For one thing, managers may get too caught up on orchestrating a string of quick wins for the wrong reasons. Under the guise of supporting subordinates, managers may put too much pressure on achieving quick, successive wins to rack up brownie points with the powers that be. It’s human nature to want to get ahead and progress, but be mindful about the true reason behind creating opportunities for quick wins for your employees.
Another issue is that criticism may be avoided in an effort to circumvent confrontations (which obviously creates a toxic work environment), causing more problems in the end. Constructive criticism is a necessity in all aspects of life. People do need to have constructive criticism to develop and excel.
But it is the method of delivery which can turn a negative experience such as criticism into a positive one, that helps support and develop an employee, both professionally and even personally.
Micromanaging could also be another drawback of focusing on quick wins. In order for there to be regular and steady progress at work, managers may feel they need to check up on every aspect of their employees’ work, which can be stifling and restrictive.
Why do we need to care about quick wins?
There is a theory that gets tossed around in jest (and frustration) among top executives who belong, in many cases, to older generations: i.e. pre Gen Y & Z : Why don’t these people just stop expecting to be “happy” at work and just do their jobs?
Why do we need to spend so much money and time on worrying about the “hippie” notion of happiness? Well, the answer is simple. There’s no going back in time. Millennials are here to stay and they make up a fair chunk of your workforce. According to U.S. Census Bureau statistics, there are plenty of Millennials out there—80 million plus (the largest cohort size in history) in the US alone.
And Millennials think differently. They are not afraid to tell you what they’re thinking and they’re looking at the world in a completely different way. They are extremely tech-savvy, which means they’re able to create value and contribute in so many different ways and mediums. An Ernst & Young survey of Millennials showed that 75% want the ability to work flexibly and be on track for promotion. That means they don’t want to just sit at their cubicles to just clock in the hours, as they feel they can contribute from anywhere.
Millennials have been branded by pre-Millennials as self-entitled and just plain lazy. But the real issue is that they want more meaning out of work than just meeting corporate goals. They want their work to matter to their lives, not just help pay the bills to keep the lights on at home.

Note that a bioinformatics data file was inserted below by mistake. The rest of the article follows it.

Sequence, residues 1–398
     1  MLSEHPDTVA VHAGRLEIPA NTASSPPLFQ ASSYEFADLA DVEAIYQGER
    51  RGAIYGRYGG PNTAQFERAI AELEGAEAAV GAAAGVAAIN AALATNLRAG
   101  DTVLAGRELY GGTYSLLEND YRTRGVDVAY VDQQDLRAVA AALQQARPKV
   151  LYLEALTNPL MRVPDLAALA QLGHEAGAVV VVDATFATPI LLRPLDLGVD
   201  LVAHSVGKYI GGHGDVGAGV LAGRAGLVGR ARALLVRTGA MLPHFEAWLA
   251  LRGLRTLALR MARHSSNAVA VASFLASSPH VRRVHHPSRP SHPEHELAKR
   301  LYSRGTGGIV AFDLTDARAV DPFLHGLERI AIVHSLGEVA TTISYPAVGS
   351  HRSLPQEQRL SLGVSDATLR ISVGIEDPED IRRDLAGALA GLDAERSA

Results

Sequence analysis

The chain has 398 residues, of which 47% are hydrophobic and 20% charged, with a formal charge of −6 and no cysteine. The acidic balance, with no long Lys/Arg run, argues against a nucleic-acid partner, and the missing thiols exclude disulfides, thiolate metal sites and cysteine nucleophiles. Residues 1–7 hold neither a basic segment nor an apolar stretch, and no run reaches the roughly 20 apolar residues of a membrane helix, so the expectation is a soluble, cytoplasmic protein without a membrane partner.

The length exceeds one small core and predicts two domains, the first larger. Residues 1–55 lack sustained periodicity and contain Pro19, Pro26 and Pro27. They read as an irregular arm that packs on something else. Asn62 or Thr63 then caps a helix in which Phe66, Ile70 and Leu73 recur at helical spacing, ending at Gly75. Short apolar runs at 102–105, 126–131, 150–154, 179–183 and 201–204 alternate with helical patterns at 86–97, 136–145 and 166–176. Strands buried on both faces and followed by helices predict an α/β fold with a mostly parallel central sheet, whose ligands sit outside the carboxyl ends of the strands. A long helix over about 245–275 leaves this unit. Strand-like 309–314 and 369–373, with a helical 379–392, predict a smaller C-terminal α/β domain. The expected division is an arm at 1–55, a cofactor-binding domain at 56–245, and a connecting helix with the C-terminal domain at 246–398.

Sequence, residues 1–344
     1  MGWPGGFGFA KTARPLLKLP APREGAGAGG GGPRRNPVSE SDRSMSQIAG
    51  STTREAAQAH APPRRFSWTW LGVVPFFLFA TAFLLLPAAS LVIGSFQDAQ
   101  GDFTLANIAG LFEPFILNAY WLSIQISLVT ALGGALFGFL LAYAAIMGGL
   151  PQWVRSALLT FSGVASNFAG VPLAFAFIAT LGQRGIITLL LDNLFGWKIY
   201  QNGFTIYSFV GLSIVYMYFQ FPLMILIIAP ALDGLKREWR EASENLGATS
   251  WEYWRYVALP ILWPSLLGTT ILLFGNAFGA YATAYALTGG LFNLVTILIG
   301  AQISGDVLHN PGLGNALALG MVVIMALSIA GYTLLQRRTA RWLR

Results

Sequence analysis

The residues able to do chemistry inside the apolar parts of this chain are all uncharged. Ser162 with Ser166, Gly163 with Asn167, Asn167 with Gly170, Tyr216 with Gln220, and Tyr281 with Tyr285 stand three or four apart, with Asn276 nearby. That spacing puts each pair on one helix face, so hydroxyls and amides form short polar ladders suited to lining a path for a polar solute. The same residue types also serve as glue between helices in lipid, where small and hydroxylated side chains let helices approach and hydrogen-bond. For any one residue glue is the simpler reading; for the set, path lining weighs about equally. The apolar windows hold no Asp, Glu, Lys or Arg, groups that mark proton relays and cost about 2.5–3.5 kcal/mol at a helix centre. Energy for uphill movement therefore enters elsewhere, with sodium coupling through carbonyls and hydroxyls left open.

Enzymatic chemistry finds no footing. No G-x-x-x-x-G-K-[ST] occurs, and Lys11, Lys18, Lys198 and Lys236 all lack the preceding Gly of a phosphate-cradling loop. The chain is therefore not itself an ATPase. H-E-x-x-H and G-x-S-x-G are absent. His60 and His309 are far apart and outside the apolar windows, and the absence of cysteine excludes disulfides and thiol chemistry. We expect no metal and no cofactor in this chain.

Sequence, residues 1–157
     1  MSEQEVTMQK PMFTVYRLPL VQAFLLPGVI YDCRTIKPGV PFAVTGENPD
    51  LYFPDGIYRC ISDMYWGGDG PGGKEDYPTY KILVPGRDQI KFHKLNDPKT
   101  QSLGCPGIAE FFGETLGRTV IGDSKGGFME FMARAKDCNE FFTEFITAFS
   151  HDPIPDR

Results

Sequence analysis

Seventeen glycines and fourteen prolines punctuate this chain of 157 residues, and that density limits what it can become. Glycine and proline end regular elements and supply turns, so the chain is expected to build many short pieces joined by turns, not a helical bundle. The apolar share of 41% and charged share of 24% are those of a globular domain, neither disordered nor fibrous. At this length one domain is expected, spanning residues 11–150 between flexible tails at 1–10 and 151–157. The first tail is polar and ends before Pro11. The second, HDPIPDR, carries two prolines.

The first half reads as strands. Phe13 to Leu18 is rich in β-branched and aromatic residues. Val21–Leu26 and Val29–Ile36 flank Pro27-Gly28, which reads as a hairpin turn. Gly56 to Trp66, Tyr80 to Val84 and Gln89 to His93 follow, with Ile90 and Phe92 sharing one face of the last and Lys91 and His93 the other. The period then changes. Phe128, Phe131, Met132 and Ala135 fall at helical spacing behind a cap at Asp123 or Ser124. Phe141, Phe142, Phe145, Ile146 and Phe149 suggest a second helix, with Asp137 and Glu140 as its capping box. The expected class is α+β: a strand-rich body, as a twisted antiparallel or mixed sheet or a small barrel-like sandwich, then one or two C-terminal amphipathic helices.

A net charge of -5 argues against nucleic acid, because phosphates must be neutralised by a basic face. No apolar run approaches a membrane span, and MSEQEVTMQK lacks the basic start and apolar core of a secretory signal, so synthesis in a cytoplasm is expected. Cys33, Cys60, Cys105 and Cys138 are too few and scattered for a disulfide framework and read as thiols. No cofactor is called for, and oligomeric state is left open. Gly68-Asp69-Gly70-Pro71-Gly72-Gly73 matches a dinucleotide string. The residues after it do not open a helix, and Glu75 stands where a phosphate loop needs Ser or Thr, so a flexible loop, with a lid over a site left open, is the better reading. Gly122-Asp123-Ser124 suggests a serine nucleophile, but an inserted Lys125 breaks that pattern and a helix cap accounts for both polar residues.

The fact that you have a new-generation workforce that demands a different set of values to your own, means you, as a manager, have to adapt. You have to learn to adjust your mindset and strategies to get the best out of your employees.
Quick wins: Common sense and common decency
At the end of the day, it isn’t rocket science. A lot of it is just common sense. Think about what your employees want, not just long-term but on a day-to-day basis. Acknowledge and give credit generously to those who did the actual work. Be kind, be respectful. Be a resource for your team to draw upon, not a micromanager who just checks up on them. Be positive and be a true team player. Most importantly, communicate with your team and really listen.
But remember that Rome wasn’t built in a day, so don’t expect to get big results in one fell swoop. Work at the quick wins because those successes will have a multiplier effect which will ultimately help you reach your corporate goal. If you ignore the benefits of quick wins and choose to focus merely on drumming in a top-down corporate strategy, you’ll quickly realise that your workforce will lose interest and motivation.
If a manager facilitates his/her subordinates’ steady progress in meaningful work, make that progress salient to them, and treat them well, they will experience the emotions, motivations, and perceptions necessary for great performance, Amabile found. Their superior work will contribute to organisational success and here’s the beauty of it: They will love their jobs.
Author: Catherine Cheong
Catherine is a regular contributor to the EngageRocket blog, and has written for news organisations such as the Washington Post and Reuters. She is a corporate communications expert, having headed the PR and branding efforts of international asset management firms.